Missile Tests Serve Deterrent Purpose

Missile Tests Serve Deterrent PurposeMissile Tests Serve Deterrent Purpose

Iran's missile tests are intended as a deterrent against its adversaries, a top military commander said.

Brigadier General Hossein Salami, deputy commander of the Islamic Revolution Guards Corps, made the statement on the sidelines of a massive military drill on Wednesday, which saw the test-firing of domestically-made ballistic missiles, an issue of contention with the western side to the July 14 nuclear accord, IRNA reported.

"The missile launches carry a message of security, peace and support for Muslim lands and a deterrent and defensive message against the enemies of Islam and Iran," he said.

"They will risk becoming the target of the missiles, should they move to carry out any evil intention."

The IRGC fired several ballistic missiles during the final stage of the military exercise, codenamed the Might of Velayat, including the Qiam-1 missile on Tuesday and two Qadr missiles on Wednesday.

The missiles, launched from underground silos across the country, had varying ranges of 300 to 2,000 km, the Iranian media said.

Salami said, "The missiles fired today are the results of sanctions. The sanctions helped Iran develop its missile program … More sanctions will only lead to more missile development."

Iran's missile program is subject to UN Security Council Resolution 2231 that calls on the Islamic Republic not to develop missiles designed to carry nuclear warheads. The resolution was adopted by the council to endorse the nuclear agreement announced by Iran and major powers days earlier and terminate all previous UN resolutions against Tehran.

Two months ago, Washington imposed sanctions against businesses and individuals linked to Iran's missile program over a test of the medium-range Emad missile carried out in October 2015.

US House of Representatives Speaker Paul Ryan said US lawmakers would push for more unilateral sanctions, Reuters reported. The US State Department said on Tuesday it would raise the tests at the UN Security Council.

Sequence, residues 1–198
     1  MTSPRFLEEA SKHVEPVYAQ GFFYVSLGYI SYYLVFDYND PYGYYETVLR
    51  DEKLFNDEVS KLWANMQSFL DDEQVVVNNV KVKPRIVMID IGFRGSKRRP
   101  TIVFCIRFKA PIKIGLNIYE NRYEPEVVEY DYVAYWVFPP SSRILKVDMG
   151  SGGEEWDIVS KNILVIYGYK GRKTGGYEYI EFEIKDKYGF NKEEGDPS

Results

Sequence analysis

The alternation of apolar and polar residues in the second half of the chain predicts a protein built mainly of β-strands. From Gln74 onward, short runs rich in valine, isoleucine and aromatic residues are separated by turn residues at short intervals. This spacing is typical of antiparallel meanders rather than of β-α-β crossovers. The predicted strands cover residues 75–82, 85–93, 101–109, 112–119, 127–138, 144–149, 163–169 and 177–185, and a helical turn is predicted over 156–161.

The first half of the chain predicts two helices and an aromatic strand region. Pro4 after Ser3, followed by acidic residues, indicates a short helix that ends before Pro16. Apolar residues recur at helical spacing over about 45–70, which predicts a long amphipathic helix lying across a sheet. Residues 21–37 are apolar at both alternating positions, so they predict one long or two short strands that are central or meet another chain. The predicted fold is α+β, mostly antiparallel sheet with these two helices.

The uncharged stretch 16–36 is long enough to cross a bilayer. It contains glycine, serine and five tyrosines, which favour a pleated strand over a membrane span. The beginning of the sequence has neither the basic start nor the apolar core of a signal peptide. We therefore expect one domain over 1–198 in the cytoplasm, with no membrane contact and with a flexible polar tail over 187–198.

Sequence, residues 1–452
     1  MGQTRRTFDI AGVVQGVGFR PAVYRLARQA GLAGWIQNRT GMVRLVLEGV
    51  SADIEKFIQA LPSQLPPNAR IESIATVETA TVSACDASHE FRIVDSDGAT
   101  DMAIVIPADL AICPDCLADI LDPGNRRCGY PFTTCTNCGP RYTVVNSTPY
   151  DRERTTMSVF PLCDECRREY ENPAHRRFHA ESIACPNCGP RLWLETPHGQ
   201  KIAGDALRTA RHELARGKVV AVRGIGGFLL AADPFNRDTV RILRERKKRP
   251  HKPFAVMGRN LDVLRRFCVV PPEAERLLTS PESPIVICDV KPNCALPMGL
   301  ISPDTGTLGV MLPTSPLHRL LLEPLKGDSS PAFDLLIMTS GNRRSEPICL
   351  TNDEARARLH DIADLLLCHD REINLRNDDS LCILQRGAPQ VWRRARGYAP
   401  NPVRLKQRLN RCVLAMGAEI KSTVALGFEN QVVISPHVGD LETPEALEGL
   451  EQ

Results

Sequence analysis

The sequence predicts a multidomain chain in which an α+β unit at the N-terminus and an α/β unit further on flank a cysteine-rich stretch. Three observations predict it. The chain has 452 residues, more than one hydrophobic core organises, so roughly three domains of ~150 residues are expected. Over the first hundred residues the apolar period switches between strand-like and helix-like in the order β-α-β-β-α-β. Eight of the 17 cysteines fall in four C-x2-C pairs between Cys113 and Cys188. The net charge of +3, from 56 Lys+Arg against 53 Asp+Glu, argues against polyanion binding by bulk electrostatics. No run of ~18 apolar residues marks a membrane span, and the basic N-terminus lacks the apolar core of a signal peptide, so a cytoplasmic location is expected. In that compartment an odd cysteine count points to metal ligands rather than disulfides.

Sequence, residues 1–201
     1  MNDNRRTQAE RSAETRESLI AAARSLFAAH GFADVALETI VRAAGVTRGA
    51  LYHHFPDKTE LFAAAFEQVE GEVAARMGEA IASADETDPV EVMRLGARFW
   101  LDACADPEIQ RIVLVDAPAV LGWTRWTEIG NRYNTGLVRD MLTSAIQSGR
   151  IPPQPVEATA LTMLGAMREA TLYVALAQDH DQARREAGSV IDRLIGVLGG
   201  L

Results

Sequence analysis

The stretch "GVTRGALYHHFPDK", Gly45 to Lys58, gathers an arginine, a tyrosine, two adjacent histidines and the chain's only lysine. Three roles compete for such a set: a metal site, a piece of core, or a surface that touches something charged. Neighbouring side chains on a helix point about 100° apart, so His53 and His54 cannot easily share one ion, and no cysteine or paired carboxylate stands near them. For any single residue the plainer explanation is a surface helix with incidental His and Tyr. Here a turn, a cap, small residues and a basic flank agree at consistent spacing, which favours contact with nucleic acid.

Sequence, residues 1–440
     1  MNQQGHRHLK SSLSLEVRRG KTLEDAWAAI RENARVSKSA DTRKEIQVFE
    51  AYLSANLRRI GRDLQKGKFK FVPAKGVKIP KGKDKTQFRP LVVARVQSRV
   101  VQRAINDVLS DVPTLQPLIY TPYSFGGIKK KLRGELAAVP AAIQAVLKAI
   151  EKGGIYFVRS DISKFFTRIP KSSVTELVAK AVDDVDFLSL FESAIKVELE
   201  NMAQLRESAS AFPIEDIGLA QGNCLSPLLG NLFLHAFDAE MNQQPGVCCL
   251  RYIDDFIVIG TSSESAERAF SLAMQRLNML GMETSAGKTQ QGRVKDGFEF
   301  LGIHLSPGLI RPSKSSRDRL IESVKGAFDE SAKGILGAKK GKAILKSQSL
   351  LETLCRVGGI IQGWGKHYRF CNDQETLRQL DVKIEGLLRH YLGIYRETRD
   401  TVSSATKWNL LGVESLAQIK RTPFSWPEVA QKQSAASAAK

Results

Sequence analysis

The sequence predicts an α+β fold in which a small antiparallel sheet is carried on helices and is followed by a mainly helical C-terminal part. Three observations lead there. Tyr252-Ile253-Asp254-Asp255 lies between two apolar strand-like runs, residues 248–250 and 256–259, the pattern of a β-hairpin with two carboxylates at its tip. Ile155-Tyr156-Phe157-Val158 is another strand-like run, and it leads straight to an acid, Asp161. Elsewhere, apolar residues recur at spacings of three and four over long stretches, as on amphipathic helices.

State Department spokesman, John Kirby, said the tests would not constitute a breach of the Iran nuclear deal, despite this agreement having been enshrined in international law under the resolution 2231.

"I do want to make it clear that such tests, if they are true, are not a violation of JCPOA," he said, referring to the Joint Comprehensive Plan of Action, the official name of the deal. "We also continue to aggressively apply our unilateral tools to counter threats from Iran’s missile program, and these tools are in no way impacted by the JCPOA or any phase of its implementation ... We have and we will use unilateral and multilateral tools to address this. If these latest reports are true, we'll take them up appropriately."

According to a transcript of his remarks posted on the website of US Department of State, Kirby also said, "We're not going to turn a blind eye to this ... I'm just trying to get to a technical point here, which is that it's not a violation of the Iran deal itself."

Elsewhere, asked about the UN secretary-general's reaction to Iran's move, Stephane Dujarric, the spokesperson for the world body, said the UN was looking into the reports and it was up to the Security Council to determine whether there was any violation.

"It's important that Iran live up to its obligations under the deal."